Fellow of the Distinguished Scientist Fellowship Program
Prof. Teun Boekhout has been head of the yeast research department of Westerdijk Fungal Biodiversity Institute from which he retired April 2022. Since January 2023 he has a distinguished scientist fellowship from King Saud University (KSU), Riyadh, Saudi Arabia. He is connected to the College of Science of KSU.
He has over 40 years of research experience in taxonomic mycology, especially yeasts. He also worked on medical mycology, host pathogen interactions, and aspects of (functional) ecology.
His main research focuses on the functional diversity of pathogenic yeasts, especially the Cryptococcus neoformans (Cn) species complex and Malassezia spp. Development of rapid and reliable diagnostics tools is an important topic. He was editor of the 5th edition of ‘The Yeasts, a Taxonomic Study’ that was published in 2011. He co-founded The Yeasts Foundation that has as its main aim to realize the electronic successor of the before mentioned monograph, namely theyeasts.org. KSU is co-sponsoring this project.
He published > 600 articles and book chapters, and his work is well cited. His total number of citations is 45,582, and since 2018 22,878. His h-index is 96, and since 2018 66. His i10 index 375, and since 2018 289 (data Google Scholar September 24 2023). One article is cited > 5000x, one > 4000x, one > 1000x, 9 are cited 500-999x.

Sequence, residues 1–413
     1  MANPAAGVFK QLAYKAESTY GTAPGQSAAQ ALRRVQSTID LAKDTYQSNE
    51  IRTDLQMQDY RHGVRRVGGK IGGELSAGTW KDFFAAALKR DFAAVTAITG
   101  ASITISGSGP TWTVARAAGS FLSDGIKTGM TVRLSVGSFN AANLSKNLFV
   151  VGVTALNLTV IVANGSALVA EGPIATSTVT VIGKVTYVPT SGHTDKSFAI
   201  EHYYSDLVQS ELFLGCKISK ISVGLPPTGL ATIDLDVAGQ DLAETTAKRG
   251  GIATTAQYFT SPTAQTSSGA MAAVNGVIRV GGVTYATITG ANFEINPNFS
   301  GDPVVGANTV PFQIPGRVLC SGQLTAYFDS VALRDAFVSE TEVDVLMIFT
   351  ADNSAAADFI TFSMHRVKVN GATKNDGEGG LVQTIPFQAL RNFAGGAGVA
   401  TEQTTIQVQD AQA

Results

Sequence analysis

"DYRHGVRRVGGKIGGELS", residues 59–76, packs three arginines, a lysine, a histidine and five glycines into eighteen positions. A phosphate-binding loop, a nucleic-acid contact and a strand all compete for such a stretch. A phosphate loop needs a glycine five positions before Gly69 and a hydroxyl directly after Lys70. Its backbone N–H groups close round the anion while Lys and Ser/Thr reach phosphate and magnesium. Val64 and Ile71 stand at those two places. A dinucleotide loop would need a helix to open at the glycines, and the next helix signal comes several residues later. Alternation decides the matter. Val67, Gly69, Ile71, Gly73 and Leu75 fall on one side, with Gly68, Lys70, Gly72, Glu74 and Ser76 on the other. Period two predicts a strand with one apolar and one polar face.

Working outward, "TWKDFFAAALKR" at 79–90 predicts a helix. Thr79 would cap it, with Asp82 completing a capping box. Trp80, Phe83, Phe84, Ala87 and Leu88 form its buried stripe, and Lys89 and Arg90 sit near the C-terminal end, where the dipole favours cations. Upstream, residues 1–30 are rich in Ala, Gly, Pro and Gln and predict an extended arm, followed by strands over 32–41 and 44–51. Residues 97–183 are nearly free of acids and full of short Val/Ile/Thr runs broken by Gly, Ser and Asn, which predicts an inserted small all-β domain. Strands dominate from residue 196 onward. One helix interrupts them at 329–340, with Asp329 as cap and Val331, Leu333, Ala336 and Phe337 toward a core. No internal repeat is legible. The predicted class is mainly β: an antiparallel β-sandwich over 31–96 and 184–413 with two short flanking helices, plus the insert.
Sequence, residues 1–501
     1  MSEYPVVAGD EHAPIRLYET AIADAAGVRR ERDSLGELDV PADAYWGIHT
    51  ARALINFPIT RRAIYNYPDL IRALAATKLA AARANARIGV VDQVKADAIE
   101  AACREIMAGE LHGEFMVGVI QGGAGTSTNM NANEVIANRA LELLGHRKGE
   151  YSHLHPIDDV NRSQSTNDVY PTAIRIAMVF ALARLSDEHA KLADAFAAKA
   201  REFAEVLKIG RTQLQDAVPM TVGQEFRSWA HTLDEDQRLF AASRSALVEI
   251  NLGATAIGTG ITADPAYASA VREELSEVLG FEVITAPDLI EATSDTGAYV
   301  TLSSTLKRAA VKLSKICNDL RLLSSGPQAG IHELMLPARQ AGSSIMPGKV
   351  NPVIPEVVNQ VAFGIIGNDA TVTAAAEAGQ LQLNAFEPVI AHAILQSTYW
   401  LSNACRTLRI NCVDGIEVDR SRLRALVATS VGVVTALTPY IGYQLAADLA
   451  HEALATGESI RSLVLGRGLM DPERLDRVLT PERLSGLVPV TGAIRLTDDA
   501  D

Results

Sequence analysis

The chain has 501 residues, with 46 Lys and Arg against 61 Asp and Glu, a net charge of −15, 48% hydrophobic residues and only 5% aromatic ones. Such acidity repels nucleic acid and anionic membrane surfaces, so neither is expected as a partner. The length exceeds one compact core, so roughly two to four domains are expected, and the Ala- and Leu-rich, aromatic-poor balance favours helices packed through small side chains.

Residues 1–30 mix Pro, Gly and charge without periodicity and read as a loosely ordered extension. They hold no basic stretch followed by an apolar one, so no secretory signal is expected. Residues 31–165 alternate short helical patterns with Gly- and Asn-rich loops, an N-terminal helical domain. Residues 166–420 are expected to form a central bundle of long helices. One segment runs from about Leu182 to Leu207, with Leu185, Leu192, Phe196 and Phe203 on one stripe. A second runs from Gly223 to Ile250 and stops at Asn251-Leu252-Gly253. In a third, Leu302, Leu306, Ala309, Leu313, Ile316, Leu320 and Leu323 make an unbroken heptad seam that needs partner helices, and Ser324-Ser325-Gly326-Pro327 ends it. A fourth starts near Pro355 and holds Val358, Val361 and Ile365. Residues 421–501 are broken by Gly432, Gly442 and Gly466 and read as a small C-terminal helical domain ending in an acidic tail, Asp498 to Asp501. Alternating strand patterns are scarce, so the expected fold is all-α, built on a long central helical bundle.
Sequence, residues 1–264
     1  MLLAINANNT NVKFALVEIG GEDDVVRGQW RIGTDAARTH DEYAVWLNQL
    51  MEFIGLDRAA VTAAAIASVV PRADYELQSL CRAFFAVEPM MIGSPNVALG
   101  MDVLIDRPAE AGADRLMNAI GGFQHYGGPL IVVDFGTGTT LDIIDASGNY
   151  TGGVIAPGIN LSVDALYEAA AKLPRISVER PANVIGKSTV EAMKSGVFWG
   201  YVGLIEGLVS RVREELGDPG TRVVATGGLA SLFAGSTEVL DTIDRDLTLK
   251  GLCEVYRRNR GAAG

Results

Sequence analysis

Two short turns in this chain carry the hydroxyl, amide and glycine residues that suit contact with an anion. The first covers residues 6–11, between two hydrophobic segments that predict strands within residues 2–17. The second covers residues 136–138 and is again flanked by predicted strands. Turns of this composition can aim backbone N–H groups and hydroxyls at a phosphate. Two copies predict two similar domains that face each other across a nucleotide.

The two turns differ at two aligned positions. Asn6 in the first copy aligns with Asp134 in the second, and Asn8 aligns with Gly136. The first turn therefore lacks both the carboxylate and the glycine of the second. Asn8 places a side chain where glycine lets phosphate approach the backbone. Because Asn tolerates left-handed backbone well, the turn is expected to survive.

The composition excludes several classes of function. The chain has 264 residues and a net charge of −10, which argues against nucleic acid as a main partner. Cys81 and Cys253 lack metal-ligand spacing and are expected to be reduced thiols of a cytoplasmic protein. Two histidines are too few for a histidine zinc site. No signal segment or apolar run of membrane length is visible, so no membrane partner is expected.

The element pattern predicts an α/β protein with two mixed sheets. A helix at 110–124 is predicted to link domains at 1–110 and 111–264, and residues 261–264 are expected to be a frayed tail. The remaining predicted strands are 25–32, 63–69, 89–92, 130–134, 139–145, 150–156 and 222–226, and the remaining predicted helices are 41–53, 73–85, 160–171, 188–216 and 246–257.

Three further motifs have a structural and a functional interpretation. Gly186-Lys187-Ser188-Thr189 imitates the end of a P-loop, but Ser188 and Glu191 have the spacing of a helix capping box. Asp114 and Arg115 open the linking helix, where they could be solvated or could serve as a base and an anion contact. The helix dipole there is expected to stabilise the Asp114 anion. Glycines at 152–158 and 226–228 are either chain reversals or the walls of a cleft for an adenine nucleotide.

With colleagues of KSU and elsewhere he will explore the diversity of yeasts present in insects from the Arabian Peninsula, a hardly studied area with respect to yeast diversity. Many new yeast species await discovery in this region of the world. Next to diversity per sé, functional and applied aspects are considered such as those important for biotechnology and the bioeconomy. In addition, several reviews are foreseen that describe state of the art of mycology, including medical mycology, at the Arabian Peninsula.
In a second project the antimycotic and antibiotic aspects of camel lactoferrin will be studied using yeasts and bacteria as a target. Next to in vitro tests, efficacy tests will be done using mice. In addition, other aspects of camel lactoferrin will be studied, such as interaction with the immune system, cancer cells, and its impact on the animal and human myco- and microbiomes. These studies will be done in close collaboration with scientists from College of Science at KSU, but also others.